horizontal.start.row in vertical.start.row...vertical.end.row - 2 operators are used here.
in which we have overloaded in
.. which is the range operator.
Board models to build our battleship game. Here’s how the final version looks.
We have created our models and data classes. It’s time to work on the UI so that we can see the game in action.
Disclaimer: I’m not going to spend a lot of time in making amazing UI as it’s not the focus of the series. The UI is going to be super ugly!
We are going to use
GridLayoutManager to create the board. Each grid of the board will be a
ViewHolder. We shall use a custom view to draw some paint and dots which would represent ships and shots on the board.
This is how it’s going to turn out.
Let’s look at the components that are being used here.
- Cell: UI model which maps
Boardto an individual
Grid. After every update, we create new cells which represent grids of the board. For a board of size of 10 columns and 10 rows, we will have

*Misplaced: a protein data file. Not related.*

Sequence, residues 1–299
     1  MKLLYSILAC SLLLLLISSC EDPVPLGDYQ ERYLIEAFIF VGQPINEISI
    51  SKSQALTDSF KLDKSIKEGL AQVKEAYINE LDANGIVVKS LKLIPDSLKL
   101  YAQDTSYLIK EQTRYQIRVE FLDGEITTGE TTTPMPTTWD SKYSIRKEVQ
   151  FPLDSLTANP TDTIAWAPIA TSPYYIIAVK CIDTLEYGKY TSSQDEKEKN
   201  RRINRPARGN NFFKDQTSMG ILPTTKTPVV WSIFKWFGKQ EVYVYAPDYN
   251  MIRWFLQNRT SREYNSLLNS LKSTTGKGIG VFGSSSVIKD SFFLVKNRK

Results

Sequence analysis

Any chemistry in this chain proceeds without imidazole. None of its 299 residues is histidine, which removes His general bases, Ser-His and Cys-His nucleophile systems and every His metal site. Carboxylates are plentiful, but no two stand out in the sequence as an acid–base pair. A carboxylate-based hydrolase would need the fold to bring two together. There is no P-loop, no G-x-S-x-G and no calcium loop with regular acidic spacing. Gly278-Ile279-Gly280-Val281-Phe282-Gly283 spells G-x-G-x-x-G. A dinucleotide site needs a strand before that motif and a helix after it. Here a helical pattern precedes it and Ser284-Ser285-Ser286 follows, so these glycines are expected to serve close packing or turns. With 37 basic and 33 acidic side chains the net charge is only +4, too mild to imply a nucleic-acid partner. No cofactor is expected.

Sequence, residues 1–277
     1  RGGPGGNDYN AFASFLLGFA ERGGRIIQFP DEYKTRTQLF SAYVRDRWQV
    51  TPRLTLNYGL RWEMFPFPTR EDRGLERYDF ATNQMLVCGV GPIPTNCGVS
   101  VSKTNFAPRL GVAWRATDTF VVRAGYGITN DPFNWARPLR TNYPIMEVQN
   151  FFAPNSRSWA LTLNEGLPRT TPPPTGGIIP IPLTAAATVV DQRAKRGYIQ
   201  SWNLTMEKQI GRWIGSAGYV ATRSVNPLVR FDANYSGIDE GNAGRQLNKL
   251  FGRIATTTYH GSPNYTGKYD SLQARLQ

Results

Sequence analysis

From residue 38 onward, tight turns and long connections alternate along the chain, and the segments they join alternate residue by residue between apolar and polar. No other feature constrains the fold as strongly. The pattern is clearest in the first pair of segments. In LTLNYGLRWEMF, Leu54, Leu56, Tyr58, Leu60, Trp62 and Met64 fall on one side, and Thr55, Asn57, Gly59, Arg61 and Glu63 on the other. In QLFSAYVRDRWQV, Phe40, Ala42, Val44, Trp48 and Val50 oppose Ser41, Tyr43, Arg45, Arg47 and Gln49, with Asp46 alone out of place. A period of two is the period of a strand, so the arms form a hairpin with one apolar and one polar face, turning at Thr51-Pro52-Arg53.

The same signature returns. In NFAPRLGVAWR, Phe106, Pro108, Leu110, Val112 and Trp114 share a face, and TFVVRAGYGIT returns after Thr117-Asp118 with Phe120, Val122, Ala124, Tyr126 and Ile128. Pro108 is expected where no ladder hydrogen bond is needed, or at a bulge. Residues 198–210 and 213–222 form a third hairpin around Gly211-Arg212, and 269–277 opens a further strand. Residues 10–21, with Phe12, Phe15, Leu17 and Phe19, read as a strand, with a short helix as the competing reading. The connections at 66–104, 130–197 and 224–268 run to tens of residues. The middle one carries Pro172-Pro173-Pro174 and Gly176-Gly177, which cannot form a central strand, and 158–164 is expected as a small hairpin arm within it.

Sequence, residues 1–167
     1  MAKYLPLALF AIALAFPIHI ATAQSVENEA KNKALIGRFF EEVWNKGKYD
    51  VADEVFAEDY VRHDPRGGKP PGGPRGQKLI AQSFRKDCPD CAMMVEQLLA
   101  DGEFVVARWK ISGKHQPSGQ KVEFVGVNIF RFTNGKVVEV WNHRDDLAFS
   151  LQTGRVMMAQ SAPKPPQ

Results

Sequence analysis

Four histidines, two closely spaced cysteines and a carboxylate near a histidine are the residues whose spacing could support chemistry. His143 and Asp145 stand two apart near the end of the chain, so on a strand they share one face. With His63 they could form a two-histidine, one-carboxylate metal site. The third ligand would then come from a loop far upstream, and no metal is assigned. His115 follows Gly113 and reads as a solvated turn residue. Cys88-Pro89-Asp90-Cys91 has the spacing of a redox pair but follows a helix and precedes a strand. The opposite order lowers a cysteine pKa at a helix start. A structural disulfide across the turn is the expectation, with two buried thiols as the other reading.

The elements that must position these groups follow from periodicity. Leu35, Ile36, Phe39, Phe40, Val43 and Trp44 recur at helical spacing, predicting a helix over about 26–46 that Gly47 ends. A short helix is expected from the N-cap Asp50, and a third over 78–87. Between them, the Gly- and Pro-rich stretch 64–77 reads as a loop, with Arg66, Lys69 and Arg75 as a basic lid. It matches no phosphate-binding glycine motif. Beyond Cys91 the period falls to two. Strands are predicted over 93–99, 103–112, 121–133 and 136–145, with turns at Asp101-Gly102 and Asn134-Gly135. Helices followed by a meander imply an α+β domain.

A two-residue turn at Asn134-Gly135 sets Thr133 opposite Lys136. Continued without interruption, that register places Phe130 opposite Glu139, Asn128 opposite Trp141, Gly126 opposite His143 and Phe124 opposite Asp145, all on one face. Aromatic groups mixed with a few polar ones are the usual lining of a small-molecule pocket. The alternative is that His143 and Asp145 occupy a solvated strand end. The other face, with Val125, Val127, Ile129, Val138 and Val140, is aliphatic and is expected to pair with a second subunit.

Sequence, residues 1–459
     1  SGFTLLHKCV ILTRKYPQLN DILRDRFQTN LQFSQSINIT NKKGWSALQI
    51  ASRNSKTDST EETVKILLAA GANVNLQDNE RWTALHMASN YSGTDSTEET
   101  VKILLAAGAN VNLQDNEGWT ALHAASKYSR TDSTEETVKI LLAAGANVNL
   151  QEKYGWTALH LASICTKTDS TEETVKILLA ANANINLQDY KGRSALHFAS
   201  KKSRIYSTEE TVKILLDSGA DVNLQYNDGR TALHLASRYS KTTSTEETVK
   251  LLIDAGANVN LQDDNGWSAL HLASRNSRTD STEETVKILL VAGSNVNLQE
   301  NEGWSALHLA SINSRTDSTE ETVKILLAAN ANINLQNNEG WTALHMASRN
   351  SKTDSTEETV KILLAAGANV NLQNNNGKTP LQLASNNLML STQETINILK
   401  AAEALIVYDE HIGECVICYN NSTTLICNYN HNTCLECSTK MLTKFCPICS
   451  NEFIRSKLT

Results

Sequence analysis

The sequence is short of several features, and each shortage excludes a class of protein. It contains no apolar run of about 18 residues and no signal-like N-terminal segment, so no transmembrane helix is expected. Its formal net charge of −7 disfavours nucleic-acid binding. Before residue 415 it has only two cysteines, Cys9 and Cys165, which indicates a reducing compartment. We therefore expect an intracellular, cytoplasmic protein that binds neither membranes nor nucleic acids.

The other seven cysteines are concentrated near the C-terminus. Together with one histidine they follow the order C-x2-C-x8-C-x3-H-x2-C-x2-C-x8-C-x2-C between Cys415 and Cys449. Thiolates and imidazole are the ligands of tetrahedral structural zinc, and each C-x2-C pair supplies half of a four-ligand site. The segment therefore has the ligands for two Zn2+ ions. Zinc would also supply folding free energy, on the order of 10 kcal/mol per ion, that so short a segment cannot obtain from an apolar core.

10*10 => 100cells.
- SquareCell: UI representation of the
Grid. It extends
Viewand binds with
Cellto draw and display the data. It’s a square view which draws the ship, hit and missed points on the canvas.
- UiCellAdapter: RecyclerView Adapter that we use to draw the board on the screen.
Without going much in the details, here’s the code which will render the game UI. You can find the layout for ViewHolder here - square_cell_itemview.xml.
We have the components for the UI ready, but we still need to convert
List<Cell>. We create a list with capacity of
width*height and iterate over each point and create
Battleship in Action
Let’s write an Activity and configure some code so that we can play with it. We’ll use a layout which has a RecyclerView. After creating the adapter, we would set up the boards. For this, we will randomly place the ships on each boats. We will add a click listener on the grid so that you can take a shot on the board.
I have quickly gone through the UI composing part as the article already has too much content. If you have any questions, feel free to leave a comment or get in touch with me.
We are ready with our models and data structure. In the next article, we will use Redux architecture to implement the gameplay logic.
Redux architecture series
- Introduction: Redux architecture for android apps
- Middleware: Introduction and implementation
- Write your own Redux implementation in Kotlin
- Add Middleware to your Redux implementation
- Build Battleship Game with Redux - Groundwork
- Implement the Battleship gameplay with Redux